New Delhi: There is a saying in Delhi cricket: 'You become a star only if you are not a product of the system' and India's U-19 World Cup hero Manjot Kalra is a perfect example.
Whether it was maverick Virender Sehwag or a brash Virat Kohli -- everyone had tales to tell about the kind of treatment they got from Delhi & Districts Cricket Association (DDCA) at least once during their junior or senior days.
Kohli had in fact had gone on record how he was left heartbroken when he was not selected for a Delhi U-15 team in his first year despite scoring tons of runs. Sehwag also had issues with the administration and so did the fiery Gautam Gambhir.
And latest star in the making Manjot's case is also no different as he had to fight multiple allegations of age-fraud before he shone brightest at the world stage -- a hundred in the U-19 World Cup final against Australia emulating Unmukt Chand's feat in the 2012 edition.
"He came to me six years back at the Bharat Nagar Cricket Academy (home of famous LB Shastri Club). He had the talent and also great hand-eye co-ordination. He has been a prolific scorer at the age-group level and his performance doesn't surprise me at all," his childhood coach Sanjay Bhardwaj said.
Popularly known as 'Guruji' in Delhi cricket circle, Bhardwaj has been a childhood coach Gambhir and Unmukt apart from Indian Premier League sensation Nitish Rana. He has a word of caution for Manjot.
"One shouldn't let this initial success get into his head. There is a lot of room for improvement in his batting. Obviously he will have to work hard on his footwork. But above everything else, he will have to score 1000 runs in Ranji Trophy," said Bhardwaj, who has witnessed Gambhir's rise as top international batsman and Unmukt's downfall after showing enormous early promise.
"He (Manjot) is a good kid. Obedient and hardworking. But I would give a lot of credit to his father Parveen and mother Ranjeet as they were so passionate.” "Parveen had sent his elder son Hitesh to me but he couldn't make it big and now helps his father in their family business. But Parveen and Hitesh were very keen that I guide Manjot and I am happy that the kid has done well," said Bhardwaj, known for being Delhi's best talent spotter apart from Tarak Sinha.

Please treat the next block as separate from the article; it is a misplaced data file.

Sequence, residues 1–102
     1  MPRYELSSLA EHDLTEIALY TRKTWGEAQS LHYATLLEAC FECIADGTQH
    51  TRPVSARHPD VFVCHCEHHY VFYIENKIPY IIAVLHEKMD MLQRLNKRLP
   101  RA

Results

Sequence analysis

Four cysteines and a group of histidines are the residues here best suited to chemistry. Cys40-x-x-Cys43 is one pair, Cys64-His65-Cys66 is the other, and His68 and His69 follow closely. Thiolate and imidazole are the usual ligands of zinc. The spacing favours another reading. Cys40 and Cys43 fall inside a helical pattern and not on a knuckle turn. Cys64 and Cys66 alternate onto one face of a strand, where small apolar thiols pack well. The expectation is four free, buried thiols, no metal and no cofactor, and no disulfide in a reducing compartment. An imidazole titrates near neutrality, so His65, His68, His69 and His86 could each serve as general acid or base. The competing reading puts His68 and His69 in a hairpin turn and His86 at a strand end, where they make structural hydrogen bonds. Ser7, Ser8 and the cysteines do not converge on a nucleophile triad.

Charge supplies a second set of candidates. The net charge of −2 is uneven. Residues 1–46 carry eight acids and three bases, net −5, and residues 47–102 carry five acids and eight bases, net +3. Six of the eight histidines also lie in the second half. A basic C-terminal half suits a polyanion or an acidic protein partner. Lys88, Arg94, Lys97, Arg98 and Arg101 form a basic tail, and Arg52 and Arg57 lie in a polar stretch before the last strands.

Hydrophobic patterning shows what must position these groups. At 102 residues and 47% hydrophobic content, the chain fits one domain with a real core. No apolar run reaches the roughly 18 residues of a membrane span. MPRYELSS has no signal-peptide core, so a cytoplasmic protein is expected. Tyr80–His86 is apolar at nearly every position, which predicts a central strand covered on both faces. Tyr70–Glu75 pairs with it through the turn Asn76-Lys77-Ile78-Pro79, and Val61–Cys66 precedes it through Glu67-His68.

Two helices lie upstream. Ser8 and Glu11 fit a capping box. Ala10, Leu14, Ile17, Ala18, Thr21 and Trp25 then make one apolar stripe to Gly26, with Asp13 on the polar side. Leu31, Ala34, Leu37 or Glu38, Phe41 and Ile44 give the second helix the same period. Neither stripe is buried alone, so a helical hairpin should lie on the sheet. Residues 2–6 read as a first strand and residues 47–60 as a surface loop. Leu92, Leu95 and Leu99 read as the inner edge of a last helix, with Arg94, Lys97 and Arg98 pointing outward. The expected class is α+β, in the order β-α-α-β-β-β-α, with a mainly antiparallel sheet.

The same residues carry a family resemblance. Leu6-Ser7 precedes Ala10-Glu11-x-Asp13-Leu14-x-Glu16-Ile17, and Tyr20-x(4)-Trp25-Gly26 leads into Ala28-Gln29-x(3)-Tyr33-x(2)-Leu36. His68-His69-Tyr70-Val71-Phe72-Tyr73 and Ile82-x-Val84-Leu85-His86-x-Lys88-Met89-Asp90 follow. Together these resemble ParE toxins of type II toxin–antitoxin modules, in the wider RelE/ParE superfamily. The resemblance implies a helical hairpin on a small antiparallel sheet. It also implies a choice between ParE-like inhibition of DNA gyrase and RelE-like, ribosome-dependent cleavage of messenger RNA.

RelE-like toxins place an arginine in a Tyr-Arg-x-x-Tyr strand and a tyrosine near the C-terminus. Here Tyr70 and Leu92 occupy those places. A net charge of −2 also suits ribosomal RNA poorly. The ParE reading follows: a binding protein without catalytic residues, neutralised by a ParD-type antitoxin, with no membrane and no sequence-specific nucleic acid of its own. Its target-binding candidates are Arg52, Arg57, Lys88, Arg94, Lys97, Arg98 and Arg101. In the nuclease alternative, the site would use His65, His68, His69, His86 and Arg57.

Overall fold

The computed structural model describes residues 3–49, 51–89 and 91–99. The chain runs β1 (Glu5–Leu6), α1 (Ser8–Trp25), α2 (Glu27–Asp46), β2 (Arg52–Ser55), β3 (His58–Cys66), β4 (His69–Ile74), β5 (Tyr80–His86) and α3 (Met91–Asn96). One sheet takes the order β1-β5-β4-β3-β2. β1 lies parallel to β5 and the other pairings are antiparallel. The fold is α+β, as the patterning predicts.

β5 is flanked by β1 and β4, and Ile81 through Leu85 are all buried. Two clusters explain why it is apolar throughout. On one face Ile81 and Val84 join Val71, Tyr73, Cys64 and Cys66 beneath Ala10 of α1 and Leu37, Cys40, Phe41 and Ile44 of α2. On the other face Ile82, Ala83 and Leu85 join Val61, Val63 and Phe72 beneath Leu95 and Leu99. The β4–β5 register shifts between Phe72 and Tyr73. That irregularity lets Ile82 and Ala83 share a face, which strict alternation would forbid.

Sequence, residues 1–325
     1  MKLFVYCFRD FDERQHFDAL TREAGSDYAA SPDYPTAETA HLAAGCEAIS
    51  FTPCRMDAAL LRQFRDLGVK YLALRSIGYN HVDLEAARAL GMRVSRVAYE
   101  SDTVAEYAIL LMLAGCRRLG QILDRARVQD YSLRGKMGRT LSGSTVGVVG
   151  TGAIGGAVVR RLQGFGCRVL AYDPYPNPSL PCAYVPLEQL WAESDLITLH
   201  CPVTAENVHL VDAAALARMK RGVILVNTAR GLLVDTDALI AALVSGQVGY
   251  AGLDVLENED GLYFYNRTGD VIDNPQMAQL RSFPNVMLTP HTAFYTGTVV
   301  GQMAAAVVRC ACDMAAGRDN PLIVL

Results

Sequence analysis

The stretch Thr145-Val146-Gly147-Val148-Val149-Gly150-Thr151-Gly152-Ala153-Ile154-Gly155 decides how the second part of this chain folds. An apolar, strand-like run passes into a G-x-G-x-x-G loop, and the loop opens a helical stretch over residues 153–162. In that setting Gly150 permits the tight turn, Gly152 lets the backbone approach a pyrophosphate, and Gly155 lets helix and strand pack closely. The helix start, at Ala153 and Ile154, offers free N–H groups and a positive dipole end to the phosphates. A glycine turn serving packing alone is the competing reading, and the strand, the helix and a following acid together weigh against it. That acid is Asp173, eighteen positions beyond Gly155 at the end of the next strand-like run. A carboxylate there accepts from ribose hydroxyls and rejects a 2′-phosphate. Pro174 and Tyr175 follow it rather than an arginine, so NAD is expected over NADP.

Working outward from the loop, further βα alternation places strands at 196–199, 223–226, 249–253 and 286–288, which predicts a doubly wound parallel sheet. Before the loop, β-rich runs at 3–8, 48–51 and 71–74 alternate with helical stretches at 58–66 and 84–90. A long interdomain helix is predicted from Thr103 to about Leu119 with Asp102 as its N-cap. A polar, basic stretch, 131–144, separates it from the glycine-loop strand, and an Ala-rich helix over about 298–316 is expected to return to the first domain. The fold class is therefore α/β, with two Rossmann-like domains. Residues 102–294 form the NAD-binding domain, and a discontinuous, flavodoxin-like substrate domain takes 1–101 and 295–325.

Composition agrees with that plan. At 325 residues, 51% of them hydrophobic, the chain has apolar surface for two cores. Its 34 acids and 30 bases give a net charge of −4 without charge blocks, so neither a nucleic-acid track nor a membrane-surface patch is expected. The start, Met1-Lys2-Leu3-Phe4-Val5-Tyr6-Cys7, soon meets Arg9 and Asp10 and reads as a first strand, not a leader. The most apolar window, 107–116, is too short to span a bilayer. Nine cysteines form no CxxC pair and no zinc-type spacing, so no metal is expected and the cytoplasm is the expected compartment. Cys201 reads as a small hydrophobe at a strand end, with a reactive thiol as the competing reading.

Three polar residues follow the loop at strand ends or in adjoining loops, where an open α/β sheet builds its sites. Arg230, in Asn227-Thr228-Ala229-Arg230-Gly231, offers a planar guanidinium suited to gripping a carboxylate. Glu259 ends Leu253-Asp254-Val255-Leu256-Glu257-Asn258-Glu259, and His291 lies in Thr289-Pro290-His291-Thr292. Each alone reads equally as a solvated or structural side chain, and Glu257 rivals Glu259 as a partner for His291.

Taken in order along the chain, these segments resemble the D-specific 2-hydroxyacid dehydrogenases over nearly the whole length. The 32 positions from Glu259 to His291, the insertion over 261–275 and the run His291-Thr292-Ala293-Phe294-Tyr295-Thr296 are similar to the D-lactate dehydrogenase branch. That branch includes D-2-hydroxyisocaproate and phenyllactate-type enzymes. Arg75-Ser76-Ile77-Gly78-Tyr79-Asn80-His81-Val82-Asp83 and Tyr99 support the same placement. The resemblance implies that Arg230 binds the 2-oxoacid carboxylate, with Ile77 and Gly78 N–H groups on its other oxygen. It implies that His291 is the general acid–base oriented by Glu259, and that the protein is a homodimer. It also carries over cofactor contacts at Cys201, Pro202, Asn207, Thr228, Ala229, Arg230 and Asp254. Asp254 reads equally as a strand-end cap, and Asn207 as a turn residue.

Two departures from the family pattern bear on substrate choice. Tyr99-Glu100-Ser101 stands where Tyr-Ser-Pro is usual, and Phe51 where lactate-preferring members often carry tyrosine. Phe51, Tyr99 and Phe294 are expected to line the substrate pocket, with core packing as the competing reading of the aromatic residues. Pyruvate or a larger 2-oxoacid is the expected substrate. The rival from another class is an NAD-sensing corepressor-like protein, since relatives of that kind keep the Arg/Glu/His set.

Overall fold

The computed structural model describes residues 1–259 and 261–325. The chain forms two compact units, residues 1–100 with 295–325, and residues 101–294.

But a few months back, life was not a bed of roses for Adarsh Nagar resident Parveen Kalra, who is a well-off fruits wholesaler at Azadpur Sabzi Mandi (Delhi's biggest fruit and vegetable market).
A few parents complained to DDCA administrator Justice (Retd) Vijkramajit Sen that Manjot's age is fudged. In fact, a faction in DDCA had filed an FIR against a number of junior cricketers couple of years back with Manjot's name figuring in that list.
The BCCI by then had done his age-verification tests, which he had passed but to be a part of Delhi's U-19 squad, his medical reports were once again sought. This, at a time when he was already a part of India U-19 probables.
Then Delhi's senior selectors ignored Kalra's talent during the start of the Ranji season with a logic that Delhi's U-19 team needed him more. This was at a time when India's U-19 chief coach Rahul Dravid wanted more and more boys to play Ranji Trophy. "We had a tough time with false police complaints being filed.
But truth prevailed as we always knew where Manjot stood. His father and brother Hitesh had made lot of sacrifices and are behind Manjot's success," Manjot's cousin Chetan Kalra recollected days of hardship.